What is the ‘new income’ in the world of work today? According to the authors of An Everyone Culture: Becoming a Deliberately Developmental Organisation, it is personal satisfaction, meaningfulness and happiness.
The latest book of Robert Kegan and Lisa Laskow Lahey argues that culture can make work meaningful even if the business enterprise itself is not meaningful, and that it is both a business imperative and a moral responsibility for organisations to create a culture of development for everyone – hence the title of their book. They claim that research suggests that the single greatest cause of burnout is not work overload, but ‘working too long without experiencing personal development’ and they define development as ‘becoming a better version of oneself’.
One of the most engaging case studies in the book is of Bridgewater, the most successful investment management company in the world (and for whom James Comey worked for a period!), whose CEO says “we do not think of our culture as a ‘contributor’ to business success; we do not think of it as a ‘factor’. We think of it literally as the cause of our success. We think of the culture as itself our business strategy.”
Are you guilty of having a second job at work? This second job, according to Kegan and Lahey, is spending time and energy covering up weaknesses and managing other people’s impressions – showing (our)selves to the best advantage, playing politics, hiding inadequacies, uncertainties and limitations. And the other pandemic dynamic of organisational life? The “widespread, corrosive, trust-destroying practice of speaking negatively about Co-workers behind their backs.” People, they argue “waste time looking good, and they waste time making others look bad”.
How does an organisation create a culture in which people are encouraged to speak frankly on matters of importance, to draw attention to and deal with corrosive dynamics?? They argue in the book that on a one-to-ten scale, the average score for frank conversations is about 6 – a “pathetic” score they say. Providing a striking analogy, they ask the reader to imagine “your doctor, solicitor, telling you just 60% of what you need to know”. In our work in Adaptive Leadership, we also know how hard this is.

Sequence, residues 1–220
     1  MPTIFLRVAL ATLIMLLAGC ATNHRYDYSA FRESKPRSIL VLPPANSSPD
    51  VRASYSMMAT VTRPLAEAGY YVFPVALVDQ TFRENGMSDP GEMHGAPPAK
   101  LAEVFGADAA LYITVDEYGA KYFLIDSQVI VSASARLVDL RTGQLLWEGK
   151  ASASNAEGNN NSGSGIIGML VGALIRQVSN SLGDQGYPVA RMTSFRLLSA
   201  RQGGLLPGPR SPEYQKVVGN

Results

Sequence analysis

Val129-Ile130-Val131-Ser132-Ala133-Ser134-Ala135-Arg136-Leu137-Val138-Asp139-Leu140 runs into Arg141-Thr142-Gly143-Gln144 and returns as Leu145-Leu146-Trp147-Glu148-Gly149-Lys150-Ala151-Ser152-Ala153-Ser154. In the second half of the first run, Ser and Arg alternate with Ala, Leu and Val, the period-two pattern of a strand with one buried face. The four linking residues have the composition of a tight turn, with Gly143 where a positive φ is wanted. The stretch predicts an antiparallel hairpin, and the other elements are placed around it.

As An Everyone Culture claims, Deliberately Developmental Organisations value disturbances and are designed to preserve them at an optimal level – not overwhelmingly high but never down to zero.
At Adaptive Leadership Australia we recognise that deliberate intervention from a place of neutrality and compassion is a skill essential to develop at all levels. The conversations will continue to take place outside, the dynamics will deteriorate, and the culture will suffer if people are not practiced in diagnosing the dynamics and skilled in providing interventions that will surface the issues. This, we see, is the work of leadership and it is not vested solely in the person with the greatest formal authority. It is the work of all to exercise leadership in creating and upholding a culture in which everyone can thrive.
In contrast to the great buzzword of organisations in the middle of last century – Taylor’s ‘efficiency’ – Kegan and Lahey recast the current watchword for organisations as ‘development’. How refreshing is that?
What I’m reading: An Everyone Culture: Becoming a Deliberately Developmental Organisation – Robert Kegan and Lisa Laskow Lahey
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